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Impacts on care

Treating prostate cancer: Should race matter?

September 10, 2015

Clarence Massey visits with radiation therapist Nader Girgis, who was part of his treatment team at the Brooklyn campus of the VA NY Harbor Healthcare System. (Photo by Mitch Mirkin)

Clarence Massey visits with radiation therapist Nader Girgis, who was part of his treatment team at the Brooklyn campus of the VA NY Harbor Healthcare System. (Photo by Mitch Mirkin)

It was in early 2010 that Clarence Massey first sensed something wasn't right. He didn't know it yet, but there was a tumor growing in his prostate gland. It was far enough along to start interfering with normal urination.

Massey lives in the historic Harlem neighborhood of New York City, just north of Central Park. He went to see his VA doctor in Manhattan and was sent to a urologist.

"They took bloodwork and urine samples," says Massey, now age 68. "I came back and they told me they think something may be wrong. So I had a biopsy. All this time, I was a bundle of nerves. I went back in and they told me it was positive."

He then went for a consult with cancer specialists at the Brooklyn VA. Both sites are part of the VA New York Harbor Healthcare System.

There are several treatment options for prostate cancer; Massey ended up doing nine weeks of external beam radiation. The treatment itself wasn't bad, he recalls: "Going through it was beautiful. I was singing."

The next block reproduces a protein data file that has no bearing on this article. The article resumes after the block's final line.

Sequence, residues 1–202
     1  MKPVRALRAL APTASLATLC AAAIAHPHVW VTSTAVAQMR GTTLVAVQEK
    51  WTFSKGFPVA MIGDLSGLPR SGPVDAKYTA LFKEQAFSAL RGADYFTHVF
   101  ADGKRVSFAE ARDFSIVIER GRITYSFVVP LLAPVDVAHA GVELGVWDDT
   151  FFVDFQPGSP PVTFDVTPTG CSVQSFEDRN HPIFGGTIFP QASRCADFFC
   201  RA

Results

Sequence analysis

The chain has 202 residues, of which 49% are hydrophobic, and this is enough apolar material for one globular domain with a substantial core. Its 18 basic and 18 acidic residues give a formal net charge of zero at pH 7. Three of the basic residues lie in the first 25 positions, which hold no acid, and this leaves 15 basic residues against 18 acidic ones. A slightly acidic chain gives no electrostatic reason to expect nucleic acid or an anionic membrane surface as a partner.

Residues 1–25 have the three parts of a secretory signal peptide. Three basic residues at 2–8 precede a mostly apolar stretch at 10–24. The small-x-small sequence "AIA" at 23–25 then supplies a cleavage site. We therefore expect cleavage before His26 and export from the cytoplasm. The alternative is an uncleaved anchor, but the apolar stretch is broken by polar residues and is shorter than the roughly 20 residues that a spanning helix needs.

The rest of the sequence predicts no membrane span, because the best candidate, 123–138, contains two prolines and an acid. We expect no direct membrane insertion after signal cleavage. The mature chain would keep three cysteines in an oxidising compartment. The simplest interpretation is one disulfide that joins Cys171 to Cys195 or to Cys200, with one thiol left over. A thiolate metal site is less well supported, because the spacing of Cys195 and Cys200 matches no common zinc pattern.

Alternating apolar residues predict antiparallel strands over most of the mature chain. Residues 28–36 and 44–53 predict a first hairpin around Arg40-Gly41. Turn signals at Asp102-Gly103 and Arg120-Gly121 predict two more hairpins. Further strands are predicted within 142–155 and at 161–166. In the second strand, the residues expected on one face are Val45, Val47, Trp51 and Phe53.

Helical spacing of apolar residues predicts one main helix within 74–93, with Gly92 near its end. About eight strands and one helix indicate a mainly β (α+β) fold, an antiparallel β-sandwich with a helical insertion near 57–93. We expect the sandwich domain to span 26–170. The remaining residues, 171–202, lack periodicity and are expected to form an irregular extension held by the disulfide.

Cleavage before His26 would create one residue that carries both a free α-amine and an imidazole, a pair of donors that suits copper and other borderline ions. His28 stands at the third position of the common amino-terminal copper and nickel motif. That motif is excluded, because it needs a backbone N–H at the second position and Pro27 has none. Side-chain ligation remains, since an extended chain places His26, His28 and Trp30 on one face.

The side effects, afterward, were a different story. "They hit me like a ton of bricks," says Massey. He couldn't control his urination. Sleeping was a challenge. He grew weaker.

The side effects waned after a couple of months. "I started coming around. I started feeling better and better."

Fast-forward to 2015, and Massey now comes to the Brooklyn VA only once a year, to be checked by his cancer specialist—and to visit with the therapists and support staff who helped him through his crisis.

"I'm so grateful to the doctors here, and to the guys who work the radiation machine," shares Massey. "Every time I come here I stop back there to thank them again. It was a team effort. Everyone here was so kind."

Dr. David Schreiber, who treated Massey, also does research, and one of the questions his group has looked at is the role of race in prostate cancer. Their studies are part of a growing body of research attempting to answer questions that are critical for men like Massey: Do African American men, by dint of their DNA, have more aggressive tumors? And should their doctors, accordingly, take a more aggressive approach in tackling their disease?

Higher incidence, mortality for African Americans